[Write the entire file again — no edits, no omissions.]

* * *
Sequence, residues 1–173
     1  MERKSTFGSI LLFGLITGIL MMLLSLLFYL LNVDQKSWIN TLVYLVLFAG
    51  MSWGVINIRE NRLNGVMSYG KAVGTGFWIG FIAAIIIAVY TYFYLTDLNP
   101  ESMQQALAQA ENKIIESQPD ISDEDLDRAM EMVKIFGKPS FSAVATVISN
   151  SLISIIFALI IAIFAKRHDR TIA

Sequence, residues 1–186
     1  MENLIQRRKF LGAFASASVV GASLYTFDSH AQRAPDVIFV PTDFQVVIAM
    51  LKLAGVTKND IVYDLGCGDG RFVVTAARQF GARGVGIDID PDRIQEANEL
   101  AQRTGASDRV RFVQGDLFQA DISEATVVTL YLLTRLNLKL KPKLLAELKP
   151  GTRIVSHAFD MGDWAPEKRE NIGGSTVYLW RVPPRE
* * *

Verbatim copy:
Sequence, residues 1–173
     1  MERKSTFGSI LLFGLITGIL MMLLSLLFYL LNVDQKSWIN TLVYLVLFAG
    51  MSWGVINIRE NRLNGVMSYG KAVGTGFWIG FIAAIIIAVY TYFYLTDLNP
   101  ESMQQALAQA ENKIIESQPD ISDEDLDRAM EMVKIFGKPS FSAVATVISN
   151  SLISIIFALI IAIFAKRHDR TIA

Sequence, residues 1–186
     1  MENLIQRRKF LGAFASASVV GASLYTFDSH AQRAPDVIFV PTDFQVVIAM
    51  LKLAGVTKND IVYDLGCGDG RFVVTAARQF GARGVGIDID PDRIQEANEL
   101  AQRTGASDRV RFVQGDLFQA DISEATVVTL YLLTRLNLKL KPKLLAELKP
   151  GTRIVSHAFD MGDWAPEKRE NIGGSTVYLW RVPPRE